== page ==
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Pandanus fascicularis - Fragrant Screw Pine

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Pandanus facicularis

Pandanus facicularis is an aromatic monocot species of plant in the family Pandanaceae. It is native to Polynesia, Australia, South Asia (Andaman Islands) and the Philippines. It is also found wild in southern India and Burma. It is commonly known as fragrant screw-pine.


Headache, Rheumatism, Cold, Flu, Epilepsy Wounds, Boils, Scabies Leucoderma, Ulcers, Colic Hepatitis, Smallpox, Leprosy Syphilis, Cancer[1].

Parts Used

Root, Leaves[1].

Chemical Composition

The major components of the Kewda oil were kewda ether, terpinen-4-ol, α-terpineol and 2-phenyl ethyl alcohol.[2]

Common names

Language Common name
Kannada ಕೇದಗೆ Kedage, ಕೇದಗಿ Kedagi, ಕೇದಿಗೆ kedige
Hindi Gagan-dhul, Jambala
Malayalam Kainaari, Kaitha
Tamil Ketakai, Talai
Telugu Mogali, Gedaga, Gojjangi, Ketaki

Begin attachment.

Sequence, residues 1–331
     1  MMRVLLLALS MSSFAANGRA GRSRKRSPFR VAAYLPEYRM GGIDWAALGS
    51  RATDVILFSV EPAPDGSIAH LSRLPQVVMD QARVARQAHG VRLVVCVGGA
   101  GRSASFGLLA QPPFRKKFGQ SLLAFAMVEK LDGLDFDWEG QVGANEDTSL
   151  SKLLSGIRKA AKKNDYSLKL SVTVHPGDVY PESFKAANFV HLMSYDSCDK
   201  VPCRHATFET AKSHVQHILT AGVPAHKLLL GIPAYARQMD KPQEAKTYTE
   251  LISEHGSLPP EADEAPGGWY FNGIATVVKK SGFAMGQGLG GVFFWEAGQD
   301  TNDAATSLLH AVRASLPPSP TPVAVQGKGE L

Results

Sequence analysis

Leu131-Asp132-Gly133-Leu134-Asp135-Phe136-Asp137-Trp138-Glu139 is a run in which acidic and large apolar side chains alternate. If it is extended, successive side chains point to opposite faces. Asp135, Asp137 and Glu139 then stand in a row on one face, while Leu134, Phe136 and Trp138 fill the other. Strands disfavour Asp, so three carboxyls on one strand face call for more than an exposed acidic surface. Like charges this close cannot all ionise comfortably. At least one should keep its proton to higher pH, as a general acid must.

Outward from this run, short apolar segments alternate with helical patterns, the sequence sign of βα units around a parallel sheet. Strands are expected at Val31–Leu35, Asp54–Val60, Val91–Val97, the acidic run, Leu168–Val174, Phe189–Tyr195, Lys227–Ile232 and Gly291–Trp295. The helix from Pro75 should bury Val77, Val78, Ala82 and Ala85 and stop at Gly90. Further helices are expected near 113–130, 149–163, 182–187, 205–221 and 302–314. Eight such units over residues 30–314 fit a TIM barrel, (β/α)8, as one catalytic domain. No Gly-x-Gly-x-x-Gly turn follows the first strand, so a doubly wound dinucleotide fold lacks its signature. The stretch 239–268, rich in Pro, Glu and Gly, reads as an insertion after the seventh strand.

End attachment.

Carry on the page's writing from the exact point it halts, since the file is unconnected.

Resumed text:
Marathi NA
Gujarathi NA
Punjabi NA
Kashmiri NA
Sanskrit Hanilha, Jambul
English Kewda, Fragrant Screw Pine



Reference: Dravya - Substance, Rasa - Taste, Guna - Qualities, Veerya - Potency, Vipaka - Post-digesion effect, Karma - Pharmacological activity, Prabhava - Therepeutics.












Kind Shape Feature
Simple Sword-shaped Leaves grow in clusters at the branch tips, with rosettes of sword-shaped, stiff (leather-like) and spiny bluish-green, fragrant leaves.



Type Size Color and composition Stamen More information
Flowering season is December to April


Type Size Mass Appearance Seeds More information
Fruiting season is December to April

Other features

List of Ayurvedic medicine in which the herb is used

Chandrakala Rasa, Triphaladi Taila, Dimagheen[1]

Where to get the saplings

Mode of Propagation


How to plant/cultivate

The tree is propagated vegetatively, by the offshoots of young plants that grow around the base of the trunk, but may also be increased by seed.[4]

Commonly seen growing in areas

Lowland area.

Photo Gallery


  1. 1.0 1.1 1.2 1.3 ”Karnataka Medicinal Plants Volume-3” by Dr.M. R. Gurudeva, Page No.332, Published by Divyachandra Prakashana, #6/7, Kaalika Soudha, Balepete cross, Bengaluru
  2. Chemical composition
  3. Morphology
  4. Cultivation Details

External Links